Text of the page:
This article examines Michel Foucault’s critical investigation of neoliberalism in the course published as Naissance de la biopolitique: Cours au Collège de France, 1978-1979. Foucault’s lectures are interrogated along two axes. First, examining the way in which neoliberalism can be viewed as a particular production of subjectivity, as a way in which individuals are constituted as subjects of “human capital.” Secondly, Foucault’s analyses is augmented and critically examined in light of other critical work on neoliberalism by Wendy Brown, David Harvey, (...) Christian Laval, Maurizo Lazzarato, and Antonio Negri. Of these various debates and discussions, the paper argues that the discussion of real subsumption in Marx and Negri is most important for understanding the specific politics of neoliberalism. Finally, the paper argues that neoliberalism entails a fundamental reexamination of the tools of critical thought, an examination of how freedom can constitute a form of subjection. (shrink)
"The Politics of Transindividuality" proposes a new understanding of not just the relation of the individual to the collective, but of politics and economics, one that can not only keep pace with existing transformations of capital but ultimately contest them.
Ever since the publication of Read’s The Politics of Transindividuality (2015), the academic interest in transindividuality has steadily mounted. In this conversation, Bram Wiggers and Jason Read discuss the current state of affairs around the concept of transindividuality. The conversation begins with a definition of transindividuality and discusses what sets the term apart from other philosophies of social individuation. Having defined the concept of transindividuality, the conversation then engages with the question of how transindividuality can be adopted as a means (...) of social-political critique. First, Bram and Jason discuss how transindividuality is evoked but not explicitly mentioned in the social-political critiques of Spinoza and Marx. Secondly, the conversation takes up the social-political critiques of Paolo Virno and Bernard Stiegler who make explicit use of transindividuality. Central to the later parts of the conversation is the complicated interrelation between the political and economic domains of individuation, as well as the tendency of collective modes of representation to be effaced and obscured by (neoliberal) individualism and the post-Fordist conditions of labor. Overall, the conversation highlights the relevance of transindividuality for social-political philosophical critique. (shrink)
By most accounts Deleuze's engagement with Marx begins with the two volumes of Capitalism and Schizophrenia he co-authored with Félix Guattari. However, Deleuze's Difference and Repetition alludes to a connection between Deleuze's critique of common sense and Marx's theory of fetishism, suggesting a connection between the critique of the image of thought and the critique of capital. By tracing this connection from its emergence in the early texts on noology, or the image of thought, to the development in the critique (...) of state thought in A Thousand Plateaus, it can be argued that what initially appears as an entirely infra-philosophical problem, concerned with the presuppositions of philosophy, is not only a political problem as well, but ultimately bears on the very nature of the conjunction between thought and politics, making possible a re-examination of what is meant by revolutionary thought. It is a transition from noology to noopolitics. In the end it can be argued that revolutionary thought is no longer an eschatology, attempting to discern the signs of the future revolution in the present, but a thought oriented towards everything that exceeds the fetish of society, towards the virtual relations and micropolitical transformations that constitute society but exceed its representation. (shrink)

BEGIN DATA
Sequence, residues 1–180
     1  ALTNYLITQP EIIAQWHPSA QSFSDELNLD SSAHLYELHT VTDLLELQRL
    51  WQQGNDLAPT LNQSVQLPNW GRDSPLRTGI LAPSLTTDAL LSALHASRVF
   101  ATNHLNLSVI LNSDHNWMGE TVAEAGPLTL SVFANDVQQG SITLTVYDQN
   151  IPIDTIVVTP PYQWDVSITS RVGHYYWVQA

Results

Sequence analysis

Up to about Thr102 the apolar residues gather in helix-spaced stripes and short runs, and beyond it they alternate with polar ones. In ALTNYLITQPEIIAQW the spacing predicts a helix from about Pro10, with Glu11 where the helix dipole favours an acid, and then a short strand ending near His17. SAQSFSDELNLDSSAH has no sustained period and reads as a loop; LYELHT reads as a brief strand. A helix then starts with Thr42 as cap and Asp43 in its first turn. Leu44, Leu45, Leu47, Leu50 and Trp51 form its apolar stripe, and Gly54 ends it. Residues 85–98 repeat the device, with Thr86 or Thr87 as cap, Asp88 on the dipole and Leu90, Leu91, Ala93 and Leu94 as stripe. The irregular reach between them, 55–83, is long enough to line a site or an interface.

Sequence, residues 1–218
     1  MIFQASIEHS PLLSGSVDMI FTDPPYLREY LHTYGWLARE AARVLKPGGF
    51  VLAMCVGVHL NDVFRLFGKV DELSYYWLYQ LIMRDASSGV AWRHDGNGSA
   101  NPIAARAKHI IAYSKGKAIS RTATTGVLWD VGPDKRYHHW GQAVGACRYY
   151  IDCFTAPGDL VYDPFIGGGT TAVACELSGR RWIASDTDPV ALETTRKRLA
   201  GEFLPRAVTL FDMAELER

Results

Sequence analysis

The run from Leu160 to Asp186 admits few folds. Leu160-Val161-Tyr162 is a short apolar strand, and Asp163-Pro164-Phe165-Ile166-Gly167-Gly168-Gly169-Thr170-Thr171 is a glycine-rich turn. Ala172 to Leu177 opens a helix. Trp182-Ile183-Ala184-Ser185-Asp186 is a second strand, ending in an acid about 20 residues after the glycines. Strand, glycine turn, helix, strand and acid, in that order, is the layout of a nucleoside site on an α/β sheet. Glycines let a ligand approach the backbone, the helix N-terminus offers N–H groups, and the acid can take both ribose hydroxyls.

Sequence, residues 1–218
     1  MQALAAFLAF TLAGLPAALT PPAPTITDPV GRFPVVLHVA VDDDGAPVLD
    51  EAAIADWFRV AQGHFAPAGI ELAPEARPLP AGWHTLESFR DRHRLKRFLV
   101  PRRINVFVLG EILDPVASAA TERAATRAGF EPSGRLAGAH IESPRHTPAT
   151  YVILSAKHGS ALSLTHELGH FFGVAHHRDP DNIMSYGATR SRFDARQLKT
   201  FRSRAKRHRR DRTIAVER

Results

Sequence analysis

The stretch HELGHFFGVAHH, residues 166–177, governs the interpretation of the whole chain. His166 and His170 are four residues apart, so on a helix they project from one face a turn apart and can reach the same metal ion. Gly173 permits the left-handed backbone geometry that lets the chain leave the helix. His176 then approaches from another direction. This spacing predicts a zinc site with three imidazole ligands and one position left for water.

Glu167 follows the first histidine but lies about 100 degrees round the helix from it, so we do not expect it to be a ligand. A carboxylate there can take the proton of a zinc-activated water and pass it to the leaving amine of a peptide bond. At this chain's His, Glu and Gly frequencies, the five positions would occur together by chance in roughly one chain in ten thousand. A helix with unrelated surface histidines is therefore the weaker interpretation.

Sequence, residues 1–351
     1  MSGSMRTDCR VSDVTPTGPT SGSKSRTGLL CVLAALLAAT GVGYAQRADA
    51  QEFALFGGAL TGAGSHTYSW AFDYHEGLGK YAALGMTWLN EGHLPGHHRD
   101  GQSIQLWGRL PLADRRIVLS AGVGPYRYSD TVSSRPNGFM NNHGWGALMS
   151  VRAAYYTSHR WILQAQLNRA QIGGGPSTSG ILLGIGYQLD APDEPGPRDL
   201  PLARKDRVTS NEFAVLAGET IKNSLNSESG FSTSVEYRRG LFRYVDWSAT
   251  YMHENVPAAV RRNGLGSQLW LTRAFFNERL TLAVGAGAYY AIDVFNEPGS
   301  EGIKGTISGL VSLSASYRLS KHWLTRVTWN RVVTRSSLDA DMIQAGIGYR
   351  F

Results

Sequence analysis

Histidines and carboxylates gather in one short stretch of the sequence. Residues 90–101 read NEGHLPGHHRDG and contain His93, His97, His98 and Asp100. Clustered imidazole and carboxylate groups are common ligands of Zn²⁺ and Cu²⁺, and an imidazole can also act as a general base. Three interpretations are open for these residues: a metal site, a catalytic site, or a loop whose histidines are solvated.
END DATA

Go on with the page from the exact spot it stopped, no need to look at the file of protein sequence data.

Jason Read takes up the relation between the individual and collectivity in Althusser’s work. Read focuses on Althusser’s interest in the “ideological dimension of the individual,” primarily by tracing his interest in the law and in particular the moral supplement to the law within its historical dimensions.
In Volume Three of Capital in a striking but somewhat uncharacteristic formula, Marx argues that the labor relation is the “hidden basis” of the entire social edifice including the state and politics. As an attempt to clarify and develop this insight I examine the dual nature of labor as abstract and concrete labor, arguing that the two sides of labor correspond not just to two sides of the commodity, but to different ethics and alienations of labor, and ultimately to different (...) philosophical anthropologies. (shrink)
I follow Etienne Balibar in understanding Freud as not only an important thinker of transindividuality alongside Spinoza and Marx, but also the one that pushes an ontology of relations to its full development. In response to Balibar I critically examine Freud, who, outside of Group Psychology and the Analysis of Ego, often referred individual and collective development to the family as the primal scene. I also explore how it would be possible to conceive of a concept of social relations that (...) recognizes the social and transindividual basis of subjectivity. Ultimately, it is not a matter of deciding whether Freud is a transindividual thinker, but of understanding that an ontology of relations can privilege no particular scene or social institution, such as family or the, economy. (shrink)
Simondon’s concept of the transindividual has become a central point of reference for contemporary critical philosophy and social philosophy. Despite its importance in the work of such writers as Étienne Balibar, Gilles Deleuze, Bernard Stiegler and Paolo Virno, Simondon’s works have not been translated into English, and thus no comprehensive study has appeared so far. Muriel Combes’s book presents not only a study of Simondon’s thought, but an examination of what it makes possible in terms of rethinking social relations.